JIM Today 2018 - Saturday - page 10

JIM today
Issue 3 
 24 February 2018
Calcific lesion preparation: the role of imaging
ntracoronary imaging was laid
bare on Thursday at JIM, during a
session that included discussion of
imaging in calcific lesions, vulner-
able patients, and stent optimisation.
Opening the session was Carlo Di
Mario (Careggi University Hospital,
Florence, Italy), who focussed on the
two main modalities widely avail-
able in modern day cath labs: IVUS
and OCT.
Speaking to
JIM Today
, Dr Di
Mario noted the fundamental dif-
ferences in the way IVUS and OCT
assess calcium: “When calcium is
treated with Rotablator [Boston
Scientific, USA] or cutting/scoring
balloons, OCT is able to detect the
small cracks and fractures much
better than IVUS, and assess the
distance of struts to the wall in the
frequent case of stent malapposi-
tion along the irregular non-circular
lumen surrounded by protruding
calcium. But having stated these
advantages of OCT, let me clarify
that both IVUS and OCT can provide
the essential information on the
circular and longitudinal extent of
calcification, and in fact IVUS is more
reliable in case of deep calcium that
can be missed with OCT due to its
limited penetration.”
Calcified lesions are frequent in
atherosclerosis but become truly
prevalent in older patients, and in
those with diabetes or renal insuf-
ficiency. Severely calcified lesions are a
risk factor for stent failure, even in the
drug-eluting stent era. What imaging
has brought to the understanding of
the impact of this pathophysiological
process, explained Dr Di Mario, is an
improved appreciation of the sig-
nificance of under-expansion below
the dangerous absolute threshold of
5.0-5.5 mm
, and poor stent apposi-
tion (with struts very far from the
wall, situated in the elliptical irregular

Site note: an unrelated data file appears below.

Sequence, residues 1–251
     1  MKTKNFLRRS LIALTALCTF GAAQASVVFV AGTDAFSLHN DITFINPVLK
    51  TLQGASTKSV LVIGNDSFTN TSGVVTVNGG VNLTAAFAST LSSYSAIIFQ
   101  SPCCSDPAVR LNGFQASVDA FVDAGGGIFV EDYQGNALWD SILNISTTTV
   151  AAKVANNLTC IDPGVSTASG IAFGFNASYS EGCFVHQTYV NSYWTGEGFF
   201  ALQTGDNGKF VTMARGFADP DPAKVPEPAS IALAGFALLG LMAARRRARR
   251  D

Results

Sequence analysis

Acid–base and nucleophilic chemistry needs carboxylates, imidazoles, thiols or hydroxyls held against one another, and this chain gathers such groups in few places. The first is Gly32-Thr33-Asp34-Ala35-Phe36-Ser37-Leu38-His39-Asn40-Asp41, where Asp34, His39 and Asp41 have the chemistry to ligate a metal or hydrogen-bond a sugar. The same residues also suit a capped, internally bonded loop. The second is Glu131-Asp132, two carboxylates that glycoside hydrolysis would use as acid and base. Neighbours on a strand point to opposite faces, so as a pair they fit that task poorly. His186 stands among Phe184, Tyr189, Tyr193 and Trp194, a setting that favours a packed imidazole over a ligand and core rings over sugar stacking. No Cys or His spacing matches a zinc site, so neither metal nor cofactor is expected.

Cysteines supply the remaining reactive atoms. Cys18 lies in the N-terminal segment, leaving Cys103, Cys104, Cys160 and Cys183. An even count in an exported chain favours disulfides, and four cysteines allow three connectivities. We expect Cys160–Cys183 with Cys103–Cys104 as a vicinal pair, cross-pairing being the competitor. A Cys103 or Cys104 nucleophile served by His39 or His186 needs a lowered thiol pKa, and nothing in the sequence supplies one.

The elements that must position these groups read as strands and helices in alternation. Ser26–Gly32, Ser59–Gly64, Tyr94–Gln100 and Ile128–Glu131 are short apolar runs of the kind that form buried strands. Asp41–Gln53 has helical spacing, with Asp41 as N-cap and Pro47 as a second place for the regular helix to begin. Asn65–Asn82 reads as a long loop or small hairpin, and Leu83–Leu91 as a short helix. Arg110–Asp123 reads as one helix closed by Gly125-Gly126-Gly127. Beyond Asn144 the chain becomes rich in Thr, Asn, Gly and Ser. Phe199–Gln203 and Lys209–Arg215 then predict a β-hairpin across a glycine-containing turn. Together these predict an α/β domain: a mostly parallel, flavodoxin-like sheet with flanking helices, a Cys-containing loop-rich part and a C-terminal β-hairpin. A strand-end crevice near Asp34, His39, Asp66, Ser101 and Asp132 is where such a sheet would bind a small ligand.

lumens present when a large calcific
plaque remains protruded).
Dr Di Mario also spoke of optimal
lesion preparation: “It is an exciting
time for operators that are chal-
lenging heavily calcified lesions,” he
commented. “In the past Rotabla-
tor – or, in the United States, orbital
atherectomy – were used to deal with
uncrossable/undilatable lesions. Some
operators, after these initial passes,
were using cutting or
scoring balloons, con-
centrating the force
of the balloon on the
blade/wire in contact
with the wall.
“The majority of
cases were treated
just with brutal force,
increasing the diameter
and pressure of the bal-
loon until the wall was
giving up, and sometimes too much,
leading to perforation. The presence of
calcium at angiography/fluoroscopy is
not enough for an informed decision
on the need to use dedicated calcium
ablation systems, nor the selection
of type of device. Results were often
suboptimal, despite the use of these
cumbersome techniques guided by
intracoronary imaging.”
He continued: “We now have
a novel method to crack calcium
inside the wall, with no risk of
microembolisation and slow
flow, as easy as the insertion of
a normal balloon. Lithotripsy has
the potential to revolutionise and
simplify our approach to treatment
of calcific lesions.”
Asked what evidence currently
supports the use of imaging in the
accurate assessment of accumula-
tion and distribution of calcium, and
the effect this has on procedural
outcomes, Dr Di Mario responded:
“We do not have convincing evidence
in general that imaging modalities
truly make a difference in outcome
after PCI.
“For calcified lesions, we can
certainly help in selecting the most
appropriate size or type of device,
but we are not always able to ensure
full expansion.”
Imaging is very good at show-
ing the problem, he went on, but it
does not mean that one is necessar-
ily able to solve it. “With lithotripsy
everything may change,” he said. “It
will be worthwhile to use imaging
to ensure we apply these expensive
balloons only when we truly need
them, and select balloons large
enough to be in contact with the
wall, and to transmit the shock-
waves – a prerequisite for effective
calcium fragmentation.
“The rest should come easier,
but it is reassuring to see calcium
fractures more often, and see a more
circular larger lumen with better
strut apposition.”
Intracoronary imaging 
“Both IVUS and
OCT can provide the
essential information on
circular and longitudinal
extent of calcification.”
Carlo Di Mario
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